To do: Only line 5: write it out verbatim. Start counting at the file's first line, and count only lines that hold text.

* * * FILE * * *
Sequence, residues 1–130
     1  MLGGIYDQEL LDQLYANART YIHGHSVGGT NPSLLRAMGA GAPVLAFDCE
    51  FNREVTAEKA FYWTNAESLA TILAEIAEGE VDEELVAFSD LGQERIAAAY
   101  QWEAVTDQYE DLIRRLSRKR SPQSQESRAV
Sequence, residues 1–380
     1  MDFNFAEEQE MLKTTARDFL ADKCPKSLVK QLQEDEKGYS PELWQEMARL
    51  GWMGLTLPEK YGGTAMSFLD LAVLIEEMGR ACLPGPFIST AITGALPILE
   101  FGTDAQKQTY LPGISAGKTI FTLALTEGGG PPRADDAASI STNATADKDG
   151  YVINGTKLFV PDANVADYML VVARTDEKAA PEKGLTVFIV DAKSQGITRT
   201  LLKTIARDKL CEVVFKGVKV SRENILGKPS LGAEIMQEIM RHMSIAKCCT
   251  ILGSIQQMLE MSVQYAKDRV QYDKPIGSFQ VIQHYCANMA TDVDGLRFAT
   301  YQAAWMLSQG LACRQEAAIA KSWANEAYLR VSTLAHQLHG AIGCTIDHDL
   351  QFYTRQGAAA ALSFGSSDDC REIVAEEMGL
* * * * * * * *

Sequence, residues 1–380